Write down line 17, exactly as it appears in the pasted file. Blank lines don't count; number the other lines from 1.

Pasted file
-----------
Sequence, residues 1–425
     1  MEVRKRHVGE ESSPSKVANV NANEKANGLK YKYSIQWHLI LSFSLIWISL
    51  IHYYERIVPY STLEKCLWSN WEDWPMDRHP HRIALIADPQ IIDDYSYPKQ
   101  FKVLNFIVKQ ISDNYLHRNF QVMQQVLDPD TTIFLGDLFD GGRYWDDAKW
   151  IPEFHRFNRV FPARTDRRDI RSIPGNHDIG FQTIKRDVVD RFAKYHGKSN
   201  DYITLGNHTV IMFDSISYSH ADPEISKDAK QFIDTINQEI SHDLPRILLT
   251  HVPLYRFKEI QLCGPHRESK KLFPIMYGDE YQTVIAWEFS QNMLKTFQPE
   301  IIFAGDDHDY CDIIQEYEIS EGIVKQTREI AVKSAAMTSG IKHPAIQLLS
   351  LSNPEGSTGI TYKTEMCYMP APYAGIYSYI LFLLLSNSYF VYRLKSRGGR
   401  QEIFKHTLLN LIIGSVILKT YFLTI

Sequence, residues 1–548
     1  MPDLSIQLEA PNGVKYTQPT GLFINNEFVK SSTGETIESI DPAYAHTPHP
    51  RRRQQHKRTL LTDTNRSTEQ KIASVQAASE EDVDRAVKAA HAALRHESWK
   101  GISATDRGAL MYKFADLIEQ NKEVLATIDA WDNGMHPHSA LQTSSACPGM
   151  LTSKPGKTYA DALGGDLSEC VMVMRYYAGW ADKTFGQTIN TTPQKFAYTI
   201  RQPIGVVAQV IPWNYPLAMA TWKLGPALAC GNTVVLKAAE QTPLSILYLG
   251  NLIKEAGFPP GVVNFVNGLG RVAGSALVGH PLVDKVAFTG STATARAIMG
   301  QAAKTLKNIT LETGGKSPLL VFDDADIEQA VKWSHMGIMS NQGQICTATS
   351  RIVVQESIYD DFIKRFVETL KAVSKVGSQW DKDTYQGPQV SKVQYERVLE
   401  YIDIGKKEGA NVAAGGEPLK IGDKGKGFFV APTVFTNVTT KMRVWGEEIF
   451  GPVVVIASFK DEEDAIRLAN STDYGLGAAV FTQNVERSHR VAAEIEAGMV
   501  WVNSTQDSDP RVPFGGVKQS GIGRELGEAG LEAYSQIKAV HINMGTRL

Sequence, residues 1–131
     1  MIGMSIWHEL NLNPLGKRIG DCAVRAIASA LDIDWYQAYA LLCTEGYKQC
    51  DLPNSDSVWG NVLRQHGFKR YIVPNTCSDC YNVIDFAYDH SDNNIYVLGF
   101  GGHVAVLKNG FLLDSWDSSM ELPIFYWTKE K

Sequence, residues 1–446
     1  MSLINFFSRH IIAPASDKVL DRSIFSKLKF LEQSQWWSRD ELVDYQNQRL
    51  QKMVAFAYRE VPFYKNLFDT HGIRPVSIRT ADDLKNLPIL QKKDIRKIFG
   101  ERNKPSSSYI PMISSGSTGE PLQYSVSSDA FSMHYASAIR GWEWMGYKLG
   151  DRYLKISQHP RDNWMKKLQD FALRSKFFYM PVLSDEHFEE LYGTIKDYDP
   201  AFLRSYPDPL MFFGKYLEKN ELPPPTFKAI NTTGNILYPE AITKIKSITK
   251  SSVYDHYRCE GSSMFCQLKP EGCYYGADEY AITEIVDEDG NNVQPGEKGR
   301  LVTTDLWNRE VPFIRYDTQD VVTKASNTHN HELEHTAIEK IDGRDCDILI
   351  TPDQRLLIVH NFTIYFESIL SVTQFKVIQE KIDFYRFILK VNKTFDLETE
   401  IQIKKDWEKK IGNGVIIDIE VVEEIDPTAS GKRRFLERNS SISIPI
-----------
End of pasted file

   251  NLIKEAGFPP GVVNFVNGLG RVAGSALVGH PLVDKVAFTG STATARAIMG